No – it’s not a typo – it’s definitely “Harbour” as opposed to “Harbor”. That’s because its in Auckland, New Zealand and down here the blue of the ocean is a colour not color. The extra “u” is something to do with the direction of bath water spinning the opposite way down the drain. (See the NauticEd Weather Course to learn about Coriolis spin effect and why a cyclone spins clockwise down here). But … I digress…
I sailed in a little wednesday night local regatta (about 40 boats) this week in Auckland New Zealand Harbour. And what a pleasure it was to get out on the water racing again. I hooked up with an old University buddy, Dave Berry, on a Young 88 (8.8 meter New Zealand design and built racing sailboat).
The Young 88 Class has quite an active fleet and typically about 12 boats race in the one design fleet race on any given Wednesday. This week half of New Zealand was still on vacation so the fleet size was down a little. Our motley crew assembled at about 5:50pm for a 6:20 start. I use the term “motley” because it’s an excuse to say that since we had not raced as a team together before, we didn’t do so well at the finish line.
Our spinaker launches and take downs were flawless but we got our butts kicked on the long upwind leg. With out knowing the Young 88 sailing profile and best practices, I’m guessing that our speed slowed due to being over powered and thus over healing (I think).
Over healing slows the boat down in several ways. The main ones are:
- Due to the angle, you have less keel vertically presented to the water and so your side slip increases.
- Drag is increased because the hull is not optimally designed for these kinds of angles
- It’s difficult for high speed wind to stay attached to the lee side of a large sail and thus more turbulence spins off the back of the sail reducing the effectiveness of the sail.
- Please comment on other reasons if you’d like to add.
So in high winds, you’re sometimes better off going with a smaller sail. In the middle of a regatta however, the time it takes to change out a sail is very costly so you’ve got to do your best guess at the sail vs the conditions prior to the start.This comes from experience in operating your boat. IE you’ve got to loose a lot of races before you start to gain some placements.
Another factor which we had to be cognizant of was that the tide was ebbing out of the harbour. This meant we needed to keep out of the main channel when going back up the harbour to keep out of the highest current flow. This is part of local knowledge and you can bet that the old hands in a local area will be doing better than newbys.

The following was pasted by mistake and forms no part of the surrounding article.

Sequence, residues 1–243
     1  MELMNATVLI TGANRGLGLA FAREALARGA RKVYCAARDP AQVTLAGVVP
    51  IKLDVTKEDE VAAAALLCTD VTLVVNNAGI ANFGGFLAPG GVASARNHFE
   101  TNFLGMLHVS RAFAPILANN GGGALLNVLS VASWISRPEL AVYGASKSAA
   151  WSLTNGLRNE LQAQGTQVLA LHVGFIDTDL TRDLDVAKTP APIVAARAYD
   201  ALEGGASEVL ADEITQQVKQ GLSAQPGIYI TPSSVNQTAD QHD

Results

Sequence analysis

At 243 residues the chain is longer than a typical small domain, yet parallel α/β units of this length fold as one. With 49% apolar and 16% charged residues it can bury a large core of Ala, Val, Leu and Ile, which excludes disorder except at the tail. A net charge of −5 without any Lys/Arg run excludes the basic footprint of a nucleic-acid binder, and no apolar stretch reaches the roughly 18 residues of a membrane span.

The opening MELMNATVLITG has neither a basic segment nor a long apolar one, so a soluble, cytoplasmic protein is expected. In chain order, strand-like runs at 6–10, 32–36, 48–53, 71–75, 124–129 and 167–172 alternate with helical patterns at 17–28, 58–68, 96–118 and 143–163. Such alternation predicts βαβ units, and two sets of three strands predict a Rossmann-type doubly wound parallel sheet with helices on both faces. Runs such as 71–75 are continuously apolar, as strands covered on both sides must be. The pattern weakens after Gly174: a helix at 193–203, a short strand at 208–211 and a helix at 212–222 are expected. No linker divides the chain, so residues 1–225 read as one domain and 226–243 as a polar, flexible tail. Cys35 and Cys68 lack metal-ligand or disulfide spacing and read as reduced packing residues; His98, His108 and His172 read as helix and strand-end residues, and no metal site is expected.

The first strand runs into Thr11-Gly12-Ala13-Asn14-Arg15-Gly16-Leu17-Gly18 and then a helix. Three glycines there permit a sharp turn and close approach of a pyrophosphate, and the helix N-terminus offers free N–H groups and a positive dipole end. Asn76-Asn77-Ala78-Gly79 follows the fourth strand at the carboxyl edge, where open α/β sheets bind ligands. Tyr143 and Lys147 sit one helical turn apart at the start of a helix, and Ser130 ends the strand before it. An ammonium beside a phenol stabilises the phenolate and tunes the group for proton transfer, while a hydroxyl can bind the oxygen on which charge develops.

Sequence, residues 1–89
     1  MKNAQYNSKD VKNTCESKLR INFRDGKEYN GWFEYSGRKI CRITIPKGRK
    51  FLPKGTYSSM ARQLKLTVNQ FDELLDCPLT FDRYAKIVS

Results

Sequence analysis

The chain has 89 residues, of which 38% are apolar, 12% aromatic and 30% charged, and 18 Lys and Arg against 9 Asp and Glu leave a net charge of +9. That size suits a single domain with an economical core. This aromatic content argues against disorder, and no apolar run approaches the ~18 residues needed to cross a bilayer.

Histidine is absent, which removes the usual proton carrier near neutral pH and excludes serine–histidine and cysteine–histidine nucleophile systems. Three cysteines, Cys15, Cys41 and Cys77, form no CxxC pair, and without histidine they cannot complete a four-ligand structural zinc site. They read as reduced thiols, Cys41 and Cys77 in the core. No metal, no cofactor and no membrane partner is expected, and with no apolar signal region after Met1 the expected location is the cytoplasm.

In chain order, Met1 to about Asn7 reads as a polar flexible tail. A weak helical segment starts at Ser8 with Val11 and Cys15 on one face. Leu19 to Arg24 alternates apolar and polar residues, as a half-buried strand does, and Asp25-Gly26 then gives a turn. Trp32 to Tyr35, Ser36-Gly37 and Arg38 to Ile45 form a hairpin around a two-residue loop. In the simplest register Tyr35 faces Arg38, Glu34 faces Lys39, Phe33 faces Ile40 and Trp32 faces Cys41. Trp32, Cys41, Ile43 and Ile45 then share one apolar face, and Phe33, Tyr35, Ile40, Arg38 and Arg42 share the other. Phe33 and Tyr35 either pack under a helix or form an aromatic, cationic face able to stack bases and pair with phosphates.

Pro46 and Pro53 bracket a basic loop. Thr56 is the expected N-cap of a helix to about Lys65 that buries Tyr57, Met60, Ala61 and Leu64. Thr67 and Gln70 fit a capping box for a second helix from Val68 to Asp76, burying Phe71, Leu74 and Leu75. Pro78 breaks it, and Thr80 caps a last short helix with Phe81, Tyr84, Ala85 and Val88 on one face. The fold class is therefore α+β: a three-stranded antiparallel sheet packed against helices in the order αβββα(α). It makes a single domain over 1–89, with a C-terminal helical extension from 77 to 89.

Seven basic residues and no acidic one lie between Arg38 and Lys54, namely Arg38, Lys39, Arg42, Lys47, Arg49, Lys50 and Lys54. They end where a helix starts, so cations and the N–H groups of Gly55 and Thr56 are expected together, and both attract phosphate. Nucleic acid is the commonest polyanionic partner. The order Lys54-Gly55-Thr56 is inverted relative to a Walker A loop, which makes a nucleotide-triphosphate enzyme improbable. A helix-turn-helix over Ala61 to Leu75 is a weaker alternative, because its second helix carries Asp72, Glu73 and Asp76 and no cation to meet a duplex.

Here’s a pic of some the fleet coming out from under the Auckland Harbour Bridge on the way to the finish line.
All this brings us to the conclussion that this year we’ll release a regatta racing sailing course so stay tuned. Become a fan of NauticEd on facebook and we’ll let you know as soon as we launch that course.
A quick final point for this entry is that if you really want to learn to sail – get your self on a race boat in a regatta. It’s the way I learned years ago. You instantly pick up best practices and those practices are drilled in many times over. There’s no space for learning bad sailing practices in a race. The results are immediately presented to you. Almost every sailing location has a yacht club. All you have to do is to put you name and ph number on the board and you’ll get a call or stand on the dock looking lost on any race day and every short handed boat will be bidding over you.
Now, want some REAL FUN?
Want to learn from the best?
Want to get out of the cold?
Come on NauticEd’s 80 foot Maxi Yacht in the Rolex Regatta in March 2011 in St. Thomas or if you’re female join NauticEd’s 51 ft Swan all female crew in the same Rolex Regatta.
Here’s the blog entries for this this event.
One of these boats could be yours for a few days. Come join us on sailing classes in St Thomas – March 2011. Crew Wanted!